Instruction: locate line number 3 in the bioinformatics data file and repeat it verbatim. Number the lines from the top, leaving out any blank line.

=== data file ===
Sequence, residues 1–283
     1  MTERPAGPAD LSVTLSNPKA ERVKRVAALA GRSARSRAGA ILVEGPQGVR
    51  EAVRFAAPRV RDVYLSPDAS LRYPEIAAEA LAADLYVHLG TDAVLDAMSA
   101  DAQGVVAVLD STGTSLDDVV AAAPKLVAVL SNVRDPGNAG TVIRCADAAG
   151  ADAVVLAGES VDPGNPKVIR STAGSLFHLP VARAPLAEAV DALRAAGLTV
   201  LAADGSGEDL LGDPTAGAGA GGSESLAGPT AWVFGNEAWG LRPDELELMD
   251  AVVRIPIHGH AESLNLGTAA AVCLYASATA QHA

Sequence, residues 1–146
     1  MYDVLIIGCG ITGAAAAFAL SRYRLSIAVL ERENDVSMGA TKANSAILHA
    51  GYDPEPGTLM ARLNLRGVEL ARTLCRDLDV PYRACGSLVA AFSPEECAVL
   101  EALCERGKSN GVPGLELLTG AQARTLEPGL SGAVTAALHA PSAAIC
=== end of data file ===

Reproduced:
    51  EAVRFAAPRV RDVYLSPDAS LRYPEIAAEA LAADLYVHLG TDAVLDAMSA